Cybersecurity Basics is an introductory course for students in grades K-12. This course introduces cybersecurity topics that affect our everyday life in plain, simple language, making it accessible to all. It can be taught in any order and by any teacher.
This course is divided into 2 primary domains:
Security - explores various ways we protect data and information through people, processes, and technology; the types of attacks that must be defended against; and the concepts used to secure information, networks, and physical assets.
Digital Citizenship - explores how our actions affect the larger digital world; how ethics, laws, and policies affect our digital lives; and what it means to be an informed cyber citizen.
Students will use a real-life example to describe the concept of passwords. They will identify that some passwords are strong and others are weak. Students will also explain why a password is important.
Students will identify authentication measures that they might use at school or at home. They will also learn how authorization is used to restrict what actions a user can perform.
Students will research the various factors of multifactor authentication. Students will learn how multi-factor authentication prevents unauthorized users such as threat actors from gaining access to devices and accounts.
Students will identify the features of a strong password while recognizing the importance of password protection. Students will also create a secure password.
Students will explore physical security around their school and how to verify someone's identity.
Students will explore physical access controls that protect people, places, and things from malicious intent. Students will develop a security plan using modern security tools.
Students will explore how physical access controls and the concept of defense in depth are critical cybersecurity protections against threat actors. Students will use and develop layered security plans.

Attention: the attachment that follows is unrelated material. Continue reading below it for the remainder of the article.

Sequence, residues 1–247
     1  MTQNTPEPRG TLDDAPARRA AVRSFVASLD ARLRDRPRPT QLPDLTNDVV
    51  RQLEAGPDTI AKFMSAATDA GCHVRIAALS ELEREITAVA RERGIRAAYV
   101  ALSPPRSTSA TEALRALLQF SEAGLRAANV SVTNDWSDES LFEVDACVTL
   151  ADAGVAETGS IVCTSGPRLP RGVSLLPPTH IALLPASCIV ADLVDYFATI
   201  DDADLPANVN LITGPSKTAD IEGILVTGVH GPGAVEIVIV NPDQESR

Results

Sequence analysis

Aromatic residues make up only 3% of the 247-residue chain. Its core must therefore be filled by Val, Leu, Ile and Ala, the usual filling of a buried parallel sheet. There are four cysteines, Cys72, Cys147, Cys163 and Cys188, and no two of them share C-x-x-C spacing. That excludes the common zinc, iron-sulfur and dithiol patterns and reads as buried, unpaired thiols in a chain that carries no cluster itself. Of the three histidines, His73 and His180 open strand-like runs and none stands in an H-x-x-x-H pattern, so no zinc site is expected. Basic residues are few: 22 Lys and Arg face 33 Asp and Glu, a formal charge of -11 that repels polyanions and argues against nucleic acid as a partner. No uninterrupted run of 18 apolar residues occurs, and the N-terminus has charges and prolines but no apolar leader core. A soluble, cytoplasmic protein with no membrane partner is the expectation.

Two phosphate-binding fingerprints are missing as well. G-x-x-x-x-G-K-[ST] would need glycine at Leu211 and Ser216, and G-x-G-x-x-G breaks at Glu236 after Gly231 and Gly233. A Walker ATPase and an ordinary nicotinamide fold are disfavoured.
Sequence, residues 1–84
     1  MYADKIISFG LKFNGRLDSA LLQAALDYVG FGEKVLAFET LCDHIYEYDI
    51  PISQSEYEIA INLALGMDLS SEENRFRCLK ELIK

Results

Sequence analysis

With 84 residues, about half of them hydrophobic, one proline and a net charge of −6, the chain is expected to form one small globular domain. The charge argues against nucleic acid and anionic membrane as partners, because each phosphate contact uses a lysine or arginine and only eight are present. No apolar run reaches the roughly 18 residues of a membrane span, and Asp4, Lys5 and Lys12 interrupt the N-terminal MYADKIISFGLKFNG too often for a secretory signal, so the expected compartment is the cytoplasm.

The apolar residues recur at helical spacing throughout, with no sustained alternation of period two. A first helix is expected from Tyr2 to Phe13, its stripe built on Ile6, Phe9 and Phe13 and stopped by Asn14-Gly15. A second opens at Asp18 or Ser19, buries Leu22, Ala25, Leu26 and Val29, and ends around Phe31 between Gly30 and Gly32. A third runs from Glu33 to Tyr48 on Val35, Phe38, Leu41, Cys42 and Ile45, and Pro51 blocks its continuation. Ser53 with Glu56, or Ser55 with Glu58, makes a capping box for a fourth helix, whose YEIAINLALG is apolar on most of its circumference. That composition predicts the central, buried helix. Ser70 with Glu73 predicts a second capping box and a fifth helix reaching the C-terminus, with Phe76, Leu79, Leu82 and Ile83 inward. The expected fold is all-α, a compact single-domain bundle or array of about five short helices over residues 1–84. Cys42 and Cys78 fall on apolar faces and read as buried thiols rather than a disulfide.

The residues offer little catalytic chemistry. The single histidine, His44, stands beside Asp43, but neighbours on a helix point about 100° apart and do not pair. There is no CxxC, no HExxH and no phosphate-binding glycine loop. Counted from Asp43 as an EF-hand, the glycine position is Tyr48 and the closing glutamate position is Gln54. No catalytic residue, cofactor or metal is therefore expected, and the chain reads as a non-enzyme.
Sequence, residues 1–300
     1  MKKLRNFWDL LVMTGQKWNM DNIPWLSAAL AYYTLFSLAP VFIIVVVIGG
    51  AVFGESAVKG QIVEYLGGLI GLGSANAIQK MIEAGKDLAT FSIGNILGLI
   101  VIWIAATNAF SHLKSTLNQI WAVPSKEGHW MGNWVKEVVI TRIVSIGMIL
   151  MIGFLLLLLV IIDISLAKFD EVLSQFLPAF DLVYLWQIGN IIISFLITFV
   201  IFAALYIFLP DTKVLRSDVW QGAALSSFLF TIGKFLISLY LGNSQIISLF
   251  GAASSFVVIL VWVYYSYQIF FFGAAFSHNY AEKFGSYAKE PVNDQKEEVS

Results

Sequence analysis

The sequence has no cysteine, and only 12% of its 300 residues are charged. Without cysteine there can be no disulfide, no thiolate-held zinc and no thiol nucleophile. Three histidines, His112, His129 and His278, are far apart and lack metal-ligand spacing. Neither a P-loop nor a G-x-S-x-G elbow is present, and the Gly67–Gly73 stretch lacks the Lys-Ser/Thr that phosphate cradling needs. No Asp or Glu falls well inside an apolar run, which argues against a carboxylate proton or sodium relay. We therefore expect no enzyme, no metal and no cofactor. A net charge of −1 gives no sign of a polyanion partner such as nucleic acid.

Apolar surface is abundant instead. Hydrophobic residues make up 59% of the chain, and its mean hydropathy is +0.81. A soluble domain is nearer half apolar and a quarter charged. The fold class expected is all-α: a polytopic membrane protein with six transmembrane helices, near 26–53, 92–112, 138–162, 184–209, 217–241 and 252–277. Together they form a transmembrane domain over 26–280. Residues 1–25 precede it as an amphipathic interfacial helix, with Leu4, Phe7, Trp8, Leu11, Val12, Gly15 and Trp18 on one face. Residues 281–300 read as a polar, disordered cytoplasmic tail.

Students will explore the risks and vulnerabilities of online gaming. Students will identify potential cyber threats and create a way to inform others about cyber threats.
Students will recognize types of malware in a given real-life scenario.
Students will explore the idea that digital devices can be used in good ways and in bad ways. Students will also list examples of information that needs to be protected.
Students will explore how different choices are made when interacting with others online. Students will compare ethical and malicious decisions and the possible motivations behind them.
Students will explore avatars and how a real person is on the computer behind the character. Students will consider how to protect information when interacting with avatars because they are exchanging information with a real person. This connects to the cybersecurity concept of spoofing.
Students will explore the risks and vulnerabilities of online gaming software and their associated cyber threats.
Students will explore how malicious actions threaten network security as they analyze social engineering attacks.